Gretchen Peters: Epstein Theatre, Liverpool

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Gretchen Peters

Gretchen Peters

As country legend Gretchen Peters comes to the Epstein Theatre, Getintothis’ Paul Fitzgerald finds it’s not all “dead dogs and orphans“.

28 years ago, Grammy award nominated Gretchen Peters came down from the Rocky mountains of Colorado, and moved to Nashville. It’s a good job she did too, as there is surely no better, more suitable place for her to be than fingerpicking her way around Music City, honing her whisky flavoured talents with some o’ them good ole boys. She’s cut from sterner cloth than most, too. She tenaciously plugged away at her thang, finally releasing her first album, The Secret Of Life, at the age of 39. Although, in country music terms, that’s young.

Tonight she’s with us in our very own Grand Old Opry, the Epstein Theatre, for two sets of both types of music; country and western. There are emotions we all feel, and none of us wish to discuss. Peters glories in highlighting them and picking them apart, leaving them open for all to see.

Opening with her new album’s title track, Blackbirds, we’re promised an evening immersed in some of the finest Americana you’re likely to find this side of the Mason-Dixie line. It’s a beautiful start, and a prettier incest murder ballad you’re unlikely to hear anywhere in Liverpool on a windy Sunday evening.  This new album sees Peters at her very best, building on the brilliantly laconic Hello Cruel World of 2012, and songs like When All You Got Is A Hammer, with it’s dusty depiction of the desperation of war, easily rank up there with the simple genius to be found on Springsteens Nebraska.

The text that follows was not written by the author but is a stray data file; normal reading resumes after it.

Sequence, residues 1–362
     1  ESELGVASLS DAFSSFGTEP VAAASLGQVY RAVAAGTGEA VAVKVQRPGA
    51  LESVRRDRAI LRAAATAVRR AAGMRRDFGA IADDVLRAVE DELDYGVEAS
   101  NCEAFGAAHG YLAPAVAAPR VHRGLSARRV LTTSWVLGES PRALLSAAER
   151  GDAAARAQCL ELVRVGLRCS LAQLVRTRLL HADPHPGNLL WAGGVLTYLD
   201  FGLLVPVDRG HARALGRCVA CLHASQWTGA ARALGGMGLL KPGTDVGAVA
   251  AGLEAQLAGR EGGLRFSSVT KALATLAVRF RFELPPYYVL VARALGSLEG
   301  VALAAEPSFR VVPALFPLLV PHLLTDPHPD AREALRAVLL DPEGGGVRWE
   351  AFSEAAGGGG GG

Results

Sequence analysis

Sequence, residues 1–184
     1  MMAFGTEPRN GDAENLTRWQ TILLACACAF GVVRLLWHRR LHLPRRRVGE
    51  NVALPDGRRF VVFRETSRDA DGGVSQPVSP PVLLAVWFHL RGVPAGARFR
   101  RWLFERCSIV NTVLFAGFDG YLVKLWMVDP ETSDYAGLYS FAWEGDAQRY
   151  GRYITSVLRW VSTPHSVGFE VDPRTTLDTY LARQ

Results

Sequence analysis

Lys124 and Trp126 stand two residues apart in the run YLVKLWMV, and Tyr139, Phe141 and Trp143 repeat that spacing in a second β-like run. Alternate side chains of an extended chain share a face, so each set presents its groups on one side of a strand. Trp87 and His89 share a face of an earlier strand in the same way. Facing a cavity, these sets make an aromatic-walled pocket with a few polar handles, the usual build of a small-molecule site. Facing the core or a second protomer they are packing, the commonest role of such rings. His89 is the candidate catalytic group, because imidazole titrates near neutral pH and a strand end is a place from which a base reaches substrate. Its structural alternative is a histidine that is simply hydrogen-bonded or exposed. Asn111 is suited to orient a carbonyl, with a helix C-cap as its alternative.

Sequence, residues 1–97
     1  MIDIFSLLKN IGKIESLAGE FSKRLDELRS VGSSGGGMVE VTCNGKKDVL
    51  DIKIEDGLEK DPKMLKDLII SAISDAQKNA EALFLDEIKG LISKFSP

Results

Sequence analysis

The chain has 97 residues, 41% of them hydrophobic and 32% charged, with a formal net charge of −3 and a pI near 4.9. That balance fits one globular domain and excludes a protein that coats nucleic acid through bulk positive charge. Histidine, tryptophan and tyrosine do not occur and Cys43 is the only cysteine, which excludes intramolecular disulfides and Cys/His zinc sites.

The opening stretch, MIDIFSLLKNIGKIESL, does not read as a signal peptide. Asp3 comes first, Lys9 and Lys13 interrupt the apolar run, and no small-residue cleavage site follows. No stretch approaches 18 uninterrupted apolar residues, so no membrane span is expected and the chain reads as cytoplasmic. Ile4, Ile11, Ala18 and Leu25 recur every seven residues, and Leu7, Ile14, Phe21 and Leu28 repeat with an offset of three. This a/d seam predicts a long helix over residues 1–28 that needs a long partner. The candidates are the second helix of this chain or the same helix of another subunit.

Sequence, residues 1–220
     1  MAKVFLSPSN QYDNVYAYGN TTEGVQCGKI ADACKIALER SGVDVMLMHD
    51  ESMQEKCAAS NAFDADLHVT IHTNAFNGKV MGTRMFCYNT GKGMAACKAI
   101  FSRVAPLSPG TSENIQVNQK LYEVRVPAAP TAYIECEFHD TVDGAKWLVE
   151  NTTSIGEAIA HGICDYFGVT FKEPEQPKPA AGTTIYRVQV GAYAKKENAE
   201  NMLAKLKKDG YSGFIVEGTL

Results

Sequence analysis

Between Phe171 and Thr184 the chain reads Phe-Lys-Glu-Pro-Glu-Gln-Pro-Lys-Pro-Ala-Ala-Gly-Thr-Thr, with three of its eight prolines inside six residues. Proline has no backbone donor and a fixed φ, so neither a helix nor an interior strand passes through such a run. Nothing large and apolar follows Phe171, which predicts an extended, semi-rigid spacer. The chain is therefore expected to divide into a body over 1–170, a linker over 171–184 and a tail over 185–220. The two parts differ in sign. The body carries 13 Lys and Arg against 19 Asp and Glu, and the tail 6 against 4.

It’s noted that Gretchen Peters is something of a lyrical pyromaniac, prone to burning at least one house down on several of her albums, and on Blackbirds, it’s the turn of The House On Auburn Street to send sparks flying up into the night sky, as the neighbours gather round to watch. You can almost taste the smoke. It’s a stunning song, which displays the easy beauty, and poetic elegance to be found in Peters’ writing. Independence Day, voted Country Music Song Of The Year in 1995, is another highlight, worthy of such an accolade. Peters’ simple storytelling skills are as ‘of the south’ as they could possibly be. No mean feat, given the fact she hails from New York City.

The stripped down simplicity of the band’s sound leaves space for the stories to unfold, as we’re treated to highlights from her last three albums, as well as from her side project Wine, Women and Song, a ‘Ronseal’ project, which does exactly what it says on the tin. Three women, much wine, and songs aplenty. Other little roadhouse beauties like Woman On A Wheel , Dark Angel, and The Cure For The Pain remind the listener a little of Rickie Lee Jones, and Peters’ slightly cracked vocals lend a necessary edge to offset the softly delivered prettiness of these songs. She’s joined by long time collaborator, husband, and tonight’s piano player, Barry Walsh for a final bow and John Prine’s classic In Spite Of Ourselves.

This writer’s Dad used to refer to Country music as ‘all dead dogs and orphans’, and yes, on occasion, both were in the mix tonight. But there was a dry humour too, and this ending served that purpose perfectly.

Photos by Getintothis’ Antonio Franco

 

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